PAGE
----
Sunday, 13 July 2014

That dangerous moment when everything's going well

Life is great.

Yay! Things are great! Don't screw it up
No, really, right now things are going exceptionally well.  I've got a meaningful job with enough hours a week to earn a living, but not so many that I don't have any energy or mental resources for a life outside it.  I'm writing and arting and have a tiny but slowly growing bit of community involvement going on.  I'm fat and I spend too much time online, but I'm active and I have some worthwhile physical-world stuff going on too.

This is a critical point.  It's here, if I'm not careful, that it all turns to shit.

When things are going as well as they are now, it's very tempting to take on a bit more.  Maybe find a bit of weekend work to supplement my income, or make a genuine effort to pick up some freelancing on the side.  Move out of the house I'm sharing with family into my own place.  Launch a substantial creative project, get involved in a club or a community group, sign up for a class.

But the reason I'm doing so well right now is that there's about as much on my plate as I can handle.  Adding a bit more - an extra job, an extra commitment, maintaining a whole place by myself rather than just my bit of a shared load - means scraping a bit of something else off, or the whole plate will overbalance, fall down the front of my white shirt and land in an inedible mess on the carpet.  That's what happened when I left full-time work a year and a bit ago.  I was producing good enough work and being productive and all the rest of it, but the job plus living alone and being a long way from my family plus the various other stuff I had on didn't leave any energy for anything else, and I was getting more and more burnt out until I reached a point where I couldn't do it any more.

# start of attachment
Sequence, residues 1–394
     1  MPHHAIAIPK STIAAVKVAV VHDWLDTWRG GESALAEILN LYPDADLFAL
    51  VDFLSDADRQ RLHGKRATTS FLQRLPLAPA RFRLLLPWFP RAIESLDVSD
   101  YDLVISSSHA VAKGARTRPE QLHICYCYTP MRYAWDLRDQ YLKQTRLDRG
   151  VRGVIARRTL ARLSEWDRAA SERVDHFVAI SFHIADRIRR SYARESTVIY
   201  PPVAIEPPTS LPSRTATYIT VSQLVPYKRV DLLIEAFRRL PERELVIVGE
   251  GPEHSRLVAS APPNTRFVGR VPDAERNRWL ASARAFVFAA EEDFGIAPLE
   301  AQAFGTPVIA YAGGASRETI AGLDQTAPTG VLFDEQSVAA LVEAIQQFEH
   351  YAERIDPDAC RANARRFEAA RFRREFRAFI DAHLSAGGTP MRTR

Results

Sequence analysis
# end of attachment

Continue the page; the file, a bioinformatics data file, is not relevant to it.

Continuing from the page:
Just because someone's coping really well with n days a week of work or school or other things doesn't mean they'll be able to handle n+1.  Maybe the whole reason they're coping so well is because n is their sweet spot for getting stuff done without burning out.

The other risk is that you're doing so well you forget about the importance of your support structures and coping mechanisms.  So you get lazy about your diet or your health care or your relationships or you physical activity (which I do actually do, for all that I talk smack about how much I hate sport) when those are the very things that are making it possible for you to do as well as you're doing.  Those start to crumble, and the whole lot comes crashing down.  Yes, going for a walk sucks when for nine months of the year it's so hot the water out of the hose will scald you, and the other three it's perfect weather to lie in the sun with a good book.  Yes, it sucks to be making a constant effort to eat enough vegetables when you live with people who do just fine on a diet of soft drink and heat-and-eat spring rolls.

But life's a series of trade-offs and negotiations.  There's no weakness in knowing your limits, or having to make extra effort at things other people don't have to, in order to deal with issues other people don't have.  The balancing act often wobbles.  Life changes, and this sweet spot won't last forever.  But with a bit of maintenance, I can enjoy it while it lasts.